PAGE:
The world's oldest profession is adopting a new business model; street-walkers are heading to the information highway.
A first-ever study of the U.S. sex industry shows that many prostitutes prefer to make transactions over the Internet now, where rates are higher and they are less vulnerable to arrest or assault.
"There is still street activity, but on the Internet they do not have to operate in the shadows," said Meredith Dank, senior research associate of the Urban Institute, which carried out the survey for the U.S. Justice Department.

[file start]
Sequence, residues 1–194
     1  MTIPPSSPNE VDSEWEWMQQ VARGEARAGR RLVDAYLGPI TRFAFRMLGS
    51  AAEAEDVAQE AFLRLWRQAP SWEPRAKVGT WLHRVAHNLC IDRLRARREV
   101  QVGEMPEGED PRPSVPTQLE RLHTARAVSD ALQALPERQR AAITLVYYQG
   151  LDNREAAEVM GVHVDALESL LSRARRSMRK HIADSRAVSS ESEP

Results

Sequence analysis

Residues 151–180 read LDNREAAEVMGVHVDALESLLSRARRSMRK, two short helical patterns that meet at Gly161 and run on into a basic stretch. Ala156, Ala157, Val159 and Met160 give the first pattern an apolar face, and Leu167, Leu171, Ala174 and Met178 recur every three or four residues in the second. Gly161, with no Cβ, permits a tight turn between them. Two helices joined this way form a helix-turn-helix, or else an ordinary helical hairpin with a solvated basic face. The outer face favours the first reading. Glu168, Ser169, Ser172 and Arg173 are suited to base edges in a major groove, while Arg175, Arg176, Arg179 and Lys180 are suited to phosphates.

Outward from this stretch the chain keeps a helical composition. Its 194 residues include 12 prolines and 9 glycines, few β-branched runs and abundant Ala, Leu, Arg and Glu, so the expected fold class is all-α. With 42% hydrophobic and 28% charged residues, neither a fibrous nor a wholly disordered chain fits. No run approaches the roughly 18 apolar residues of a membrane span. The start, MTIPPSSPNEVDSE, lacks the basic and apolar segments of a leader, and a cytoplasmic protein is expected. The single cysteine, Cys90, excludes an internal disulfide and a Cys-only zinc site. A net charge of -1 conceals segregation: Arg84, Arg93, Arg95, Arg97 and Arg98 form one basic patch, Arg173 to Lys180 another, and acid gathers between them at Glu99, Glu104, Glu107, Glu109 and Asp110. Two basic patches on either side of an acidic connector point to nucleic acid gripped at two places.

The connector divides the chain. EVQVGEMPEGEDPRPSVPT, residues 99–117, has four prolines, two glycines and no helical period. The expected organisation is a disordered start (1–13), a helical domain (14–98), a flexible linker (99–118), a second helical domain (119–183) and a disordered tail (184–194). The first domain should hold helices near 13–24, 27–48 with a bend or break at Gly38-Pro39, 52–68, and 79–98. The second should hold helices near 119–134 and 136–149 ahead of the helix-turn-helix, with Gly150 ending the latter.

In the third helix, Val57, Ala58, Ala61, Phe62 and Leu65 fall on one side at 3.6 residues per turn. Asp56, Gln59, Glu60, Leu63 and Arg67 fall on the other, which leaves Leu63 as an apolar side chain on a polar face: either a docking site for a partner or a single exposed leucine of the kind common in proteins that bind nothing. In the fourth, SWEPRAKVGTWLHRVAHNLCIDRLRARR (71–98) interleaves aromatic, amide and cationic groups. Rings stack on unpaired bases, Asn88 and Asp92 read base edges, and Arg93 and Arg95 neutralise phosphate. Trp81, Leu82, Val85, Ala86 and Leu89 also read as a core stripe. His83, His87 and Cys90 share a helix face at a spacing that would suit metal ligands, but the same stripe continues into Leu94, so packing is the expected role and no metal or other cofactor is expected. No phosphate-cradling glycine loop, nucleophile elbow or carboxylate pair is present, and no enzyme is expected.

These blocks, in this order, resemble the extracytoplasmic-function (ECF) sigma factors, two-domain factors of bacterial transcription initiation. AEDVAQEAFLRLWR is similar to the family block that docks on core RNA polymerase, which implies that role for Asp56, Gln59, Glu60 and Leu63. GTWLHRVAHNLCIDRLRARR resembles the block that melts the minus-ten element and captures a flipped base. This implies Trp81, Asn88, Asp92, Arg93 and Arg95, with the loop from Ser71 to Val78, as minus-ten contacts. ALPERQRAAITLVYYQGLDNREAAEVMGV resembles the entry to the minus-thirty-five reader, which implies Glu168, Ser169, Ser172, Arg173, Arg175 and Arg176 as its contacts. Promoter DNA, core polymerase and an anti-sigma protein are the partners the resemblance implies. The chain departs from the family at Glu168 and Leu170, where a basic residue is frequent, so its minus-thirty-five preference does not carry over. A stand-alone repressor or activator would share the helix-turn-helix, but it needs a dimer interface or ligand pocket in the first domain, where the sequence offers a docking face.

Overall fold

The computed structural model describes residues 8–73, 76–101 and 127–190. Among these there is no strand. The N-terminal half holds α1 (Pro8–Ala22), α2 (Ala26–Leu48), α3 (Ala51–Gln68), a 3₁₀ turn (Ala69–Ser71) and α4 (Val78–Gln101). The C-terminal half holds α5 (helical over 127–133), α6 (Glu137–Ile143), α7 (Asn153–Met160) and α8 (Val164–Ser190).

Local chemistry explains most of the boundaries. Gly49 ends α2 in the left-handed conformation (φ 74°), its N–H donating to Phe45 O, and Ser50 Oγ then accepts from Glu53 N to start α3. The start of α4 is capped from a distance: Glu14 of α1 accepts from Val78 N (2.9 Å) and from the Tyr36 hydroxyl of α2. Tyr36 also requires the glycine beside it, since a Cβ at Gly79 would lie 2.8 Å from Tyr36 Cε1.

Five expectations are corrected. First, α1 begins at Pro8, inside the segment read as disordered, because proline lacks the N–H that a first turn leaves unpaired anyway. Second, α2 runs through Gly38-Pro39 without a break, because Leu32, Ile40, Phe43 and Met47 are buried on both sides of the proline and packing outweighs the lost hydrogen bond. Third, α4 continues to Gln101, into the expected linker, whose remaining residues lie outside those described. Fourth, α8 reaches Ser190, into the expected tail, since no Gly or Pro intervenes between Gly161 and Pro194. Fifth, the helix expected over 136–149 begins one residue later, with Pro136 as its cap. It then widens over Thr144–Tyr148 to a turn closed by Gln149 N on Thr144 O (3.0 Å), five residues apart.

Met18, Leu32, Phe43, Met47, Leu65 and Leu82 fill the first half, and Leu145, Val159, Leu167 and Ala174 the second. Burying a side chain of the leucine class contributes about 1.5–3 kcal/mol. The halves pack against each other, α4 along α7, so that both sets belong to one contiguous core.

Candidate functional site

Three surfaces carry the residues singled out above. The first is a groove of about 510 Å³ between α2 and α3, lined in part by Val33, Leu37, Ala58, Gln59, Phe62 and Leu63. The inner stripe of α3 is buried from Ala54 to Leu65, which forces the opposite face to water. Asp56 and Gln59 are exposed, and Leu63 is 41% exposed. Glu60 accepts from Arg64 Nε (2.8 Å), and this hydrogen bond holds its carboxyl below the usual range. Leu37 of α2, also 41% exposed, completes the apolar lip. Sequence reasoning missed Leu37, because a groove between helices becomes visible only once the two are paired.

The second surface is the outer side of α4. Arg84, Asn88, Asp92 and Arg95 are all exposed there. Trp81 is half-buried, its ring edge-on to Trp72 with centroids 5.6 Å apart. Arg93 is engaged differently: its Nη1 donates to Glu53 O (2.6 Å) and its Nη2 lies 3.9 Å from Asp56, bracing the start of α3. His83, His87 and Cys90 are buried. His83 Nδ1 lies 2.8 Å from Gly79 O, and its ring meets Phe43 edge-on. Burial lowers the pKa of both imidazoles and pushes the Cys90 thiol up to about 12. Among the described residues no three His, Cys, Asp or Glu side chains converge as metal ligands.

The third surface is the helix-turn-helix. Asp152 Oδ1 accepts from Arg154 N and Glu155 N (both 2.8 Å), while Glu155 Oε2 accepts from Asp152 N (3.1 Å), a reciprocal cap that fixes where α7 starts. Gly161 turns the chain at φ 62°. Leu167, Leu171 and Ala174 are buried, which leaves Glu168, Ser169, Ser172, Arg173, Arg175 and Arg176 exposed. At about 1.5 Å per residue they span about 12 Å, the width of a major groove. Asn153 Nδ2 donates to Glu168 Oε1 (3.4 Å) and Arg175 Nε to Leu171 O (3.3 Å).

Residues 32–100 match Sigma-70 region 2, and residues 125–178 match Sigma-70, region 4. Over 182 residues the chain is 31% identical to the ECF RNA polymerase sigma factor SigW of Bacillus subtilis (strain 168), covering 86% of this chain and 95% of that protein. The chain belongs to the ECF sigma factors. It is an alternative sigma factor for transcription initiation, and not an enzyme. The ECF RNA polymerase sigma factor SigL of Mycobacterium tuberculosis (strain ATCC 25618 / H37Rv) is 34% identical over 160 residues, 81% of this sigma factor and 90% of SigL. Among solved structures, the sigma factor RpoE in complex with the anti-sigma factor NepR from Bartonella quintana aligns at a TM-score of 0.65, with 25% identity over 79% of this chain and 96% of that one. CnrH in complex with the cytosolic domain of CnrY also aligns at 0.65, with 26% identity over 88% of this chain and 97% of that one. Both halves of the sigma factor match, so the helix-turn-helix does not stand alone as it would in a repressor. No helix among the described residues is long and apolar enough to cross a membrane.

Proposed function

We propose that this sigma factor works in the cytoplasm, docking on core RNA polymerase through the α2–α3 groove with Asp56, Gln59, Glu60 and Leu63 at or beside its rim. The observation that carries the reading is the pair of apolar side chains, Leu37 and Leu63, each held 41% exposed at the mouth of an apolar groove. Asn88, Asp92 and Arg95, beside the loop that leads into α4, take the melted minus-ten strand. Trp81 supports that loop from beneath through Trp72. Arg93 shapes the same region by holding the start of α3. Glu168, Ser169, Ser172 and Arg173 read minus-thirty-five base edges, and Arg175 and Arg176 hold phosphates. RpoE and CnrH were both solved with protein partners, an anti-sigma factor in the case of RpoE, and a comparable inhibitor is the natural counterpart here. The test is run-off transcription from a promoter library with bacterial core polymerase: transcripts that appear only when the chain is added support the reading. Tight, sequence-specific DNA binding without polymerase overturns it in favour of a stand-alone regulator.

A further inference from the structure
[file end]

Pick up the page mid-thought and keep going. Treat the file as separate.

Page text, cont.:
"The Internet is also more lucrative, there is a higher price point," said Dank, lead author of the study on the economics of the underground sex industry.
The five-year study focused on eight cities—Atlanta, Dallas, Denver, Kansas City, Miami, Seattle, San Diego, and Washington—and was based on interviews with prostitutes and pimps in all venues including massage parlors, brothels and escort services. It did not include the pornographic movie industry, which is legal.